“The team has a lot more of a clear-cut identity offensively this season,” said Ramey. “In the preseason we have seen them pushing things much wider. With Vako and Eriksson on the wings, they are developing great chemistry with Nick Lima and Shea Salinas. Don’t be surprised to see Hoesen, Wondo, Eriksson, and Vako all in the box at once, which I think will wreak havoc on opposing defenses.”
Biggest Question Mark
San Jose’s biggest question mark this year will undoubtedly be the back line. A weakness a season ago, Fioranelli worked to upgrade his defense during the off-season. The results remain to be seen.
Gone is the aging veteran and stalwart Victor Bernardez, whose age and lack of speed caught up with him multiple times last season. Homegrown player Nick Lima will hopefully be healthy, following a rookie year that was brought down by injuries but still contained plenty of promise. If healthy, Lima is capable of growing into one of the top right backs in the league. Shea Salinas appears set to return at left back, a position he began playing last year, after six seasons in a midfield role in San Jose.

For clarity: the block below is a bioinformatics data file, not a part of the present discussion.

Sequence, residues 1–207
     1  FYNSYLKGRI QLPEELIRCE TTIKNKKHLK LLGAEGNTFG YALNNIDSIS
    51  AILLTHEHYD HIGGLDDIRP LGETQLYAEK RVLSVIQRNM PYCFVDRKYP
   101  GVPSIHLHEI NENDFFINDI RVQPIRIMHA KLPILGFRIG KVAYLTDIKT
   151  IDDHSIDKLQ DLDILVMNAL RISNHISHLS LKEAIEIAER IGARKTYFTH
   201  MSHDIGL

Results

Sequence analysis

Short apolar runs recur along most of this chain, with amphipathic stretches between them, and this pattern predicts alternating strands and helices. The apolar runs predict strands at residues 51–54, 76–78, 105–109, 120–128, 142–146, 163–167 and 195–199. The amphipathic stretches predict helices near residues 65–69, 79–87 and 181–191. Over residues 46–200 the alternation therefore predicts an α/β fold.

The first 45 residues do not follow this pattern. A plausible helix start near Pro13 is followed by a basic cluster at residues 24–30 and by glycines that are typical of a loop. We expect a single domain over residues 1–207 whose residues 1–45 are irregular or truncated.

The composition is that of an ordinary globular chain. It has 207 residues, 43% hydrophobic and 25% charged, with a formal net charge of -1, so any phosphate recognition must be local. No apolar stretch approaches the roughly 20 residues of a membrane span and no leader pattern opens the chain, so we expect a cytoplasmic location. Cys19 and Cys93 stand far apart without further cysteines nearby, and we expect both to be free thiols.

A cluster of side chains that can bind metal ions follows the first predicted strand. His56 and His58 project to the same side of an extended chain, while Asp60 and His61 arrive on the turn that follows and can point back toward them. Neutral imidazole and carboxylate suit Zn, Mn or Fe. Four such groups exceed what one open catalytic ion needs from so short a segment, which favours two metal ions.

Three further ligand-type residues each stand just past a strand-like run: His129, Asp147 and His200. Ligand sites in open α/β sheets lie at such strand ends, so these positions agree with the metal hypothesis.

“For me, the issue with goals allowed last year came more from lack of depth and a poor defensive scheme once Dom left,” said Earthquakes reporter Colin Etnire. “Jesse added depth at center back and left back, and brought in a coach in Stahre who knows how to marshal a solid defense.”
Fioranelli certainly appears to have fixed both the issues of depth and scheme. Replacing Bernardez is Harold Cummings, who was signed last year but broke his leg in an accident at home, causing him to miss the entire season.
“Cummings looked like an absolute monster in the preseason last year,” said Ramey. “He wants to prove he can make Panama’s World Cup squad.”
Joining Cummings will be new off-season signing Yeferson Quintana, who frees Florian Jungwirth to return to his more natural role of a deep defensive midfielder, giving San Jose an impressive five-man back line.
“One of the Quakes biggest issues last year was defending set pieces. Quintana and Cummings are big, imposing center backs who will greatly improve the team’s set-piece defense. They are going to be asked to make attackers uncomfortable in the box, which is what they do best,” said Ramey.
National pundits are not counting on San Jose to do much this season, which may be a significant underestimation of what this team is capable of. This is not the side that narrowly snuck into the playoffs last season, only to exit quickly and with a thud.
The Quakes are significantly improved and could have a chance to make some real noise around the league in 2018. They have a higher talent base, a strong coach, and significantly greater depth across the roster.
While the overall talent level might not be enough to win the Supporters Shield, another Open Cup run and even a potential first-round playoff bye are not off the table for this year’s Earthquakes squad.